Celebrate mythology and broken Britain this St George's Day!

Bristol theatre group the Kelvin Players are presenting a premiere of the West-Country based play Jerusalem by Jez Butterworth this April.

A production that has an unrivalled reputation in contemporary play writing since it first  burst onto the theatrical scene in 2009 at London’s Royal Court, this is the first time the play has been performed in Bristol.

Set in a Wiltshire forest on the edge of Flintock, on the day of the town’s annual country fair, Jerusalem is a play that magically straddles mythological England and  broken Britain.

Motifs of the Green Man and ancient English folklore are offset against the drug-fuelled and subversive antics of the Falstaffian protagonist and Lord of Misrule Johnny ‘Rooster’ Byron, who is battling against eviction by Kennet and Avon council, and the sprawling of a new housing estate onto the English countryside that he has inhabited for twenty-seven rent-free years with bachanallian relish.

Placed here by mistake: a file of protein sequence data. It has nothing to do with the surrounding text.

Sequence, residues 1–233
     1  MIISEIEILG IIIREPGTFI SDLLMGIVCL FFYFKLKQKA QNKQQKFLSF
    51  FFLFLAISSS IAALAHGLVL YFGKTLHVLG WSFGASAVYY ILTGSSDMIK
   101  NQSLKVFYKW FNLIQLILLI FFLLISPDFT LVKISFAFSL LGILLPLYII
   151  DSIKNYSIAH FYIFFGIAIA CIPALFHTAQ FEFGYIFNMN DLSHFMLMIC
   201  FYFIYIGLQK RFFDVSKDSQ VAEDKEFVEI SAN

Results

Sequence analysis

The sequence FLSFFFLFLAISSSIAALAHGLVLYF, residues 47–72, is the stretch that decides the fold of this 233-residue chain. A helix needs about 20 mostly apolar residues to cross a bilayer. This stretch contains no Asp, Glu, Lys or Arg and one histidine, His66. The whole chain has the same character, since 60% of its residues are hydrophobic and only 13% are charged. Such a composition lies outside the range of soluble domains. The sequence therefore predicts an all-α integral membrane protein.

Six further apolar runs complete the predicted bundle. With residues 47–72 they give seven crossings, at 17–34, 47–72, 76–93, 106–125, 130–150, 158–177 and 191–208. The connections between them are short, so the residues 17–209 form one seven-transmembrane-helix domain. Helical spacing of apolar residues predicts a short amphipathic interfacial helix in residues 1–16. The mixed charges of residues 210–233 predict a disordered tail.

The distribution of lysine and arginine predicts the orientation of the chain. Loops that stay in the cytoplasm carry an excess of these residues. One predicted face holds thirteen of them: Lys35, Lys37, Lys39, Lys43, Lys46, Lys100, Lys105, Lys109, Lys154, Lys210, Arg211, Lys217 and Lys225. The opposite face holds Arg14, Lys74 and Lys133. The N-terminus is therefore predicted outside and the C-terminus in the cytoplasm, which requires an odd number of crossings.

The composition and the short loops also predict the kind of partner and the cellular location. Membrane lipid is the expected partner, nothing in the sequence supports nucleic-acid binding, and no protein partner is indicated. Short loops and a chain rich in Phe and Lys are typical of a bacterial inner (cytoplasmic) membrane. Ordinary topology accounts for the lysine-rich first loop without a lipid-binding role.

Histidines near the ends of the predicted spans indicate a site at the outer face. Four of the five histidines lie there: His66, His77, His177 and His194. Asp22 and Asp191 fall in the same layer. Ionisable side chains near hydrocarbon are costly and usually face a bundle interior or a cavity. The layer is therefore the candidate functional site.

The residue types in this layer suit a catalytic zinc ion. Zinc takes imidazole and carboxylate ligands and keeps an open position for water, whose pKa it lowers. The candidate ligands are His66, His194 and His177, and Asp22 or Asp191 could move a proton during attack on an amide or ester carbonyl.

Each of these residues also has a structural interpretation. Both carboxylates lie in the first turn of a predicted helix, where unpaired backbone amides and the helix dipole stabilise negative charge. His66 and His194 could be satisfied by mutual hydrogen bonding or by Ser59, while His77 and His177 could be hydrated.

Jerusalem strikes a very modern chord with its lament for an idealised, free and easy rural England, infused with legends of gods and giants, that has succumbed to invasive bureaucracy.

As director, Mary McCallum says:

‘I was blown away by this remarkable and very funny play when I saw the original production starring Mark Rylance as Rooster. There are few non-professional companies who could do it justice but I believe that Kelvin has risen to the challenge. If you missed the original, now is your chance to see one of the most important plays of the 21st century’

And what could be more pleasingly symmetrical than a quintessentially English play set on St George’s Day and opening on 23rd April itself?

Jerusalem runs at the Kelvin Studios, Gloucester Road, from Tuesday 23 to Saturday 27 April 2013 at 7.30pm. Tickets are £8 on the Tuesday night and £10 on Wednesday through to Saturday.

To book online visit: www.kelvinplayers.co.uk

Alternatively you can call the Kelvin booking line on 0117 959 3636.

Please note this production contains swearing and some scenes of drug-taking

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